Coincidences of History

As part of the Ivens database, I have been tracking key historical events to better understand the times my ancestors lived in.

It throws up some interesting juxtapositions:

1688: William of Orange (William III) lands in Torbay with 15,000 mercenaries, meanwhile Edward Lloyd opens a coffeehouse which eventually becomes Lloyds of London.

1692: The Campbells slaughter 38 MacDonalds at Glencoe, meanwhile the Salem witch trials begin in Massechusetts.

1693: William Penn proposes European Federation, meanwhile Mt Etna erupts causing earthquake that devastates parts of Sicily and Malta.

1701: Jethro Tull invents a drill for planting seeds in rows, meanwhile Captain Kidd is hanged for piracy in London.

1703: The Company of Quenching of Fire (i.e., a fire brigade) is founded in Edinburgh, meanwhile the Great storm of 1703 kills up to 15,000, and, by the way, The Man in the Iron Mask dies in the Bastille.

1709: Great Frost of 1709: Extremely cold winter, temperatures as low as −12 °C (10 °F) on 5 January. Floating ice enters the North Sea, meanwhile ten ships leave London for the New York Colony, carrying over 4,000 people.

1715: A total solar eclipse is seen across southern England – the last total eclipse visible in London for almost 900 years, meanwhile a Spanish treasure fleet of 10 ships leaves Havana for Spain. Seven days later, nine of them sink in a storm off the coast of Florida.

1720: The English stock market crashes with dropping prices for stock in the South Sea Company (The South Sea Bubble), meanwhile Jonathan Swift begins Gulliver’s Travels.

1729: Completion of the first (wooden) Putney Bridge as the only fixed crossing of the River Thames between London Bridge and Kingston, meanwhile Bexhill-on-Sea struck by a waterspout (tornado) that came ashore.

1737: An earthquake with an estimated magnitude of 9.3 occurs off the shore of Russia’s Kamchatka Peninsula. Tsunamis up to 60m (200 ft) high followed in the Pacific ocean, meanwhile a tropical cyclone strikes Bengal, India killing approximately 300,000.

1741: The population of China reaches c. 143 million, meanwhile Irish Famine (1740–41): where somewhere between 310,000 and 480,000 people starve in Ireland due to cold weather affecting harvests.

1755: A Dictionary of the English Language is published by Samuel Johnson, meanwhile  Lisbon is destroyed by a massive earthquake and tsunami, killing 60,000–90,000 people. Cornwall was struck by a 10 ft (3.0 m) wave.

1779:  Captain James Cook is killed on the Sandwich Islands on his third and last voyage, meanwhile The Iron Bridge is erected across the River Severn in Shropshire, the world’s first bridge built entirely of cast iron.

1783: The Kingdom of Great Britain acknowledges the independence of the United States of America, meanwhile the volcano Laki in Iceland begins an 8-month eruption starting a chain of natural disasters, including sulphurous gas suffocating more than 10,000 in Britain, followed by about 8,000 deaths in winter.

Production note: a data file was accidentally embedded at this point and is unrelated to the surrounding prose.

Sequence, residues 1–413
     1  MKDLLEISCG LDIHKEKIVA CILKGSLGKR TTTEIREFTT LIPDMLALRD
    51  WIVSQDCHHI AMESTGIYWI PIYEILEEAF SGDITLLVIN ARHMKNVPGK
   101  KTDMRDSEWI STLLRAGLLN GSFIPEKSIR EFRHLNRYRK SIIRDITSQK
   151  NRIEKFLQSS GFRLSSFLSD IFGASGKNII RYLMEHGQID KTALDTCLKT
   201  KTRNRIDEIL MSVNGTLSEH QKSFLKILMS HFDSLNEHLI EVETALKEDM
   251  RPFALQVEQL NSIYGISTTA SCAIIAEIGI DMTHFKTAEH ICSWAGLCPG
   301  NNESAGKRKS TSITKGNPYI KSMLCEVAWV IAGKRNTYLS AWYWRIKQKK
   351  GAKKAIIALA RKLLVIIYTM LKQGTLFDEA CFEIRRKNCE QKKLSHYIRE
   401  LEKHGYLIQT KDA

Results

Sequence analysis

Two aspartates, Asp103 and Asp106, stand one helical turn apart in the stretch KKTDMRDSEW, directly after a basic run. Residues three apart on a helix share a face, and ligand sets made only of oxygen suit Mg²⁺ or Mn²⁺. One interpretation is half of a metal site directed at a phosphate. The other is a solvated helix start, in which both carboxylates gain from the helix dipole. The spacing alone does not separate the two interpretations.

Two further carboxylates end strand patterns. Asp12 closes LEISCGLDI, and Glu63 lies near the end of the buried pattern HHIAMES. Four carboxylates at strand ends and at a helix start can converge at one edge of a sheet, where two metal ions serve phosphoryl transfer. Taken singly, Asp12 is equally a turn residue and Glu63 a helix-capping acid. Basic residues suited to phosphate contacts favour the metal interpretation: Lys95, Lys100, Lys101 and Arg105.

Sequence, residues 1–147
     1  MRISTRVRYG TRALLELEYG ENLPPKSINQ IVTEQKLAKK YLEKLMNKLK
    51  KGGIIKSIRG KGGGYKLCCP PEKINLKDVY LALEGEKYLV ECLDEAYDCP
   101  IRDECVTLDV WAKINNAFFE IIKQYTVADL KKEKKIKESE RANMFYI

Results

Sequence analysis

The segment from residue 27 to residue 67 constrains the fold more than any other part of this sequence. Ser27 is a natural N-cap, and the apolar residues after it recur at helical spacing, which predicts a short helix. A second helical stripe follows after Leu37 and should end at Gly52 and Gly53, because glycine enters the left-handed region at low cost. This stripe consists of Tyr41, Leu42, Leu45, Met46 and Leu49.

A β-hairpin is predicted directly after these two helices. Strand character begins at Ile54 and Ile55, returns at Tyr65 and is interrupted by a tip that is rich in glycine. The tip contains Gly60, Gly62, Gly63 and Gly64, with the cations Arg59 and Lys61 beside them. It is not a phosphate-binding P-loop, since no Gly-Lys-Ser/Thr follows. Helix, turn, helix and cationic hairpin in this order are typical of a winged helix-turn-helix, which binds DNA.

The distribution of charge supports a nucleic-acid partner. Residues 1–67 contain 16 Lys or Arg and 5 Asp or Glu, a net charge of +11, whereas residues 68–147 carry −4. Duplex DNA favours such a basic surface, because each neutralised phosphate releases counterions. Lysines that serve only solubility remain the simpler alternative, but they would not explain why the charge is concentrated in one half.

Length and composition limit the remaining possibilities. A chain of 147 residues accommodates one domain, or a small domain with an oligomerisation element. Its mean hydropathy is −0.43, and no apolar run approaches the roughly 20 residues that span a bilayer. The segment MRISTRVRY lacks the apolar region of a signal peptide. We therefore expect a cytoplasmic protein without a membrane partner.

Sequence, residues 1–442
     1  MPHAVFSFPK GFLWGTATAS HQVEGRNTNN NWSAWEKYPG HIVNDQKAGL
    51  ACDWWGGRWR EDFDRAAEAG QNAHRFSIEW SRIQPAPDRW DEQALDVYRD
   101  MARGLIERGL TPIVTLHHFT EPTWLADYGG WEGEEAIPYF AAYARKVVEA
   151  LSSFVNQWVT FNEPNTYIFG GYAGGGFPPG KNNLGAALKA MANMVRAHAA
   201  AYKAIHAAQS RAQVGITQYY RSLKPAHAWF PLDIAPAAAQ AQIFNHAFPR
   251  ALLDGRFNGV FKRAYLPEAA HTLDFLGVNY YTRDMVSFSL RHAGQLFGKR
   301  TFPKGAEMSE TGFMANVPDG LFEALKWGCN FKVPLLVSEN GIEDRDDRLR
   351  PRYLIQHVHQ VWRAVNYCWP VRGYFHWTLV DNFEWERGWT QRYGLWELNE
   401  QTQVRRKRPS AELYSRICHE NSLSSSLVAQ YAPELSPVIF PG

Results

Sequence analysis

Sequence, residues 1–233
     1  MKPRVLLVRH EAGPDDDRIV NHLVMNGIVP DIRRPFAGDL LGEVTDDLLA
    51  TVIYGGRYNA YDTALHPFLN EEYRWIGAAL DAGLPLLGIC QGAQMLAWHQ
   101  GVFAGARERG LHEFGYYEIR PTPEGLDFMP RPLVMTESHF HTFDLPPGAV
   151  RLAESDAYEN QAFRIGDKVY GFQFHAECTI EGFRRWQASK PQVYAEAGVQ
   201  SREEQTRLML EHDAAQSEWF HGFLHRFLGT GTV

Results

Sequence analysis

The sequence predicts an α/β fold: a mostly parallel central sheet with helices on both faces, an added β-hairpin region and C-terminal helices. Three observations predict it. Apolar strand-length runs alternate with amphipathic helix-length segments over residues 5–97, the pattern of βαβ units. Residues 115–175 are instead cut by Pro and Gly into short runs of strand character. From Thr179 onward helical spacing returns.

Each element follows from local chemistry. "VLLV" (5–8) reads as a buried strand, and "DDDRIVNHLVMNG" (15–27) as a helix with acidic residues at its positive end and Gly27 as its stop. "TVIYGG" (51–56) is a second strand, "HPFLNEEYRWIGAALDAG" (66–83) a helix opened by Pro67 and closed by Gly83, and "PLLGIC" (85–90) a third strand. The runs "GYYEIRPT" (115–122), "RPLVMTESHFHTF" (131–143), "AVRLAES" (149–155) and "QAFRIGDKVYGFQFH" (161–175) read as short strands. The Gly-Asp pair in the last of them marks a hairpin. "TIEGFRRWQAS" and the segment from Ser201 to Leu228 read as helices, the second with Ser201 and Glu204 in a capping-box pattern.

1787: Captain Arthur Phillip leaves Portsmouth in England with the eleven ships of the First Fleet carrying around 700 convicts and at least 300 crew and guards to establish a penal colony in Australia, meanwhile the original Lord’s Cricket Ground in London holds its first cricket match; Marylebone Cricket Club (MCC) founded.

1789: The French Revolution (1789–1799) begins with the Storming of the Bastille, meanwhile Fletcher Christian leads a different mutiny on the British Royal Navy ship HMS Bounty, and, by the way, George Washington is unanimously elected the first President of the United States.

1802: Marie Tussaud first exhibits her wax sculptures in London, having been commissioned during the Reign of Terror in France to make death masks of the victims, meanwhile Ludwig van Beethoven publishes his Piano Sonata No. 14 (the “Moonlight”) in Vienna.

1807: The Swansea and Mumbles Railway in South Wales, at this time known as the Oystermouth Railway, becomes the first passenger-carrying railway in the world, meanwhile Napoleon attacks Russia.

1815: Mount Tambora in the Dutch East Indies erupts, killing upwards of 92,000 and causes snows in June and July in the northern hemisphere, widespread crop failures, and subsequently famine, which is why 1816 is later known as the Year Without a Summer, meanwhile Napoleon Bonaparte escapes from Elba leading to the Battle of Waterloo.

1818: The Christmas carol “Silent Night”  is first performed in Oberndorf bei Salzburg in Austria, meanwhile Mary Shelley’s Frankenstein is published anonymously in London.

1829: Robert Peel establishes the Metropolitan Police Service in London, meanwhile The Oxford University Boat Club wins the first inter-university Boat Race, rowed at Henley-on-Thames.

1831: Charles Darwin embarks on his historic voyage aboard HMS Beagle, meanwhile a Cholera pandemic: Part of the 1829–51 cholera pandemic, beginning in London, 55,000 die in outbreaks across England and Wales.

1836: First monthly part of Charles Dickens’ The Pickwick Papers published in London, meanwhile Davy Crockett arrives in Texas. The Battle of the Alamo begins.